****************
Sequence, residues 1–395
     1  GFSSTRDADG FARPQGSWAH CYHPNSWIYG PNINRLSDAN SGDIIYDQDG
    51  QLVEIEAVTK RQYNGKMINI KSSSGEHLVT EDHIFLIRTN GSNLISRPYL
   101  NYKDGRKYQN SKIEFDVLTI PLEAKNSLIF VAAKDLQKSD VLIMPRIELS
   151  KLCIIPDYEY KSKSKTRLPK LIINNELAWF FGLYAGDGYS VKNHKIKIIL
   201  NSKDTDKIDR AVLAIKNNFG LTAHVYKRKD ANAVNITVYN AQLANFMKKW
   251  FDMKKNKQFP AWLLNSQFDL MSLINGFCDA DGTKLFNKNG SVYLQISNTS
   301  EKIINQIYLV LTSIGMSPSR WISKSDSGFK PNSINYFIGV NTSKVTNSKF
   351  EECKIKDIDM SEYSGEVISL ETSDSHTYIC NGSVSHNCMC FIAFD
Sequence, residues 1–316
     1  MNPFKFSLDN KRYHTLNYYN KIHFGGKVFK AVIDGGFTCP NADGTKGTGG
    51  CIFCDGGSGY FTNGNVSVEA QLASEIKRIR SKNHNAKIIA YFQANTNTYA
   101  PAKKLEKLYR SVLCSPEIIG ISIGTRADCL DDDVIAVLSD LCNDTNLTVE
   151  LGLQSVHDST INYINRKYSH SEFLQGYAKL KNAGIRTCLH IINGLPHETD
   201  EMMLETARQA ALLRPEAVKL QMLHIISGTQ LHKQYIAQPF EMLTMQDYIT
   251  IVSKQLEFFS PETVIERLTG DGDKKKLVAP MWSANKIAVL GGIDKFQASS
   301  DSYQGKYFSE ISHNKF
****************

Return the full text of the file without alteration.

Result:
Sequence, residues 1–395
     1  GFSSTRDADG FARPQGSWAH CYHPNSWIYG PNINRLSDAN SGDIIYDQDG
    51  QLVEIEAVTK RQYNGKMINI KSSSGEHLVT EDHIFLIRTN GSNLISRPYL
   101  NYKDGRKYQN SKIEFDVLTI PLEAKNSLIF VAAKDLQKSD VLIMPRIELS
   151  KLCIIPDYEY KSKSKTRLPK LIINNELAWF FGLYAGDGYS VKNHKIKIIL
   201  NSKDTDKIDR AVLAIKNNFG LTAHVYKRKD ANAVNITVYN AQLANFMKKW
   251  FDMKKNKQFP AWLLNSQFDL MSLINGFCDA DGTKLFNKNG SVYLQISNTS
   301  EKIINQIYLV LTSIGMSPSR WISKSDSGFK PNSINYFIGV NTSKVTNSKF
   351  EECKIKDIDM SEYSGEVISL ETSDSHTYIC NGSVSHNCMC FIAFD
Sequence, residues 1–316
     1  MNPFKFSLDN KRYHTLNYYN KIHFGGKVFK AVIDGGFTCP NADGTKGTGG
    51  CIFCDGGSGY FTNGNVSVEA QLASEIKRIR SKNHNAKIIA YFQANTNTYA
   101  PAKKLEKLYR SVLCSPEIIG ISIGTRADCL DDDVIAVLSD LCNDTNLTVE
   151  LGLQSVHDST INYINRKYSH SEFLQGYAKL KNAGIRTCLH IINGLPHETD
   201  EMMLETARQA ALLRPEAVKL QMLHIISGTQ LHKQYIAQPF EMLTMQDYIT
   251  IVSKQLEFFS PETVIERLTG DGDKKKLVAP MWSANKIAVL GGIDKFQASS
   301  DSYQGKYFSE ISHNKF